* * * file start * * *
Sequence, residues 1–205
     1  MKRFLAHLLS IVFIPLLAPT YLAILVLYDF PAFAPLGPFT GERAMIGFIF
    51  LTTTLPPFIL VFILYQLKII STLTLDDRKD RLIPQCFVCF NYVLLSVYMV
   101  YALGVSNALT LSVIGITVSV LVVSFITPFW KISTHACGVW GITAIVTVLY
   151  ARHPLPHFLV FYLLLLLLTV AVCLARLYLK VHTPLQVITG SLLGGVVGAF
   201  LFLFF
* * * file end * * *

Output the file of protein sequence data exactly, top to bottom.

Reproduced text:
Sequence, residues 1–205
     1  MKRFLAHLLS IVFIPLLAPT YLAILVLYDF PAFAPLGPFT GERAMIGFIF
    51  LTTTLPPFIL VFILYQLKII STLTLDDRKD RLIPQCFVCF NYVLLSVYMV
   101  YALGVSNALT LSVIGITVSV LVVSFITPFW KISTHACGVW GITAIVTVLY
   151  ARHPLPHFLV FYLLLLLLTV AVCLARLYLK VHTPLQVITG SLLGGVVGAF
   201  LFLFF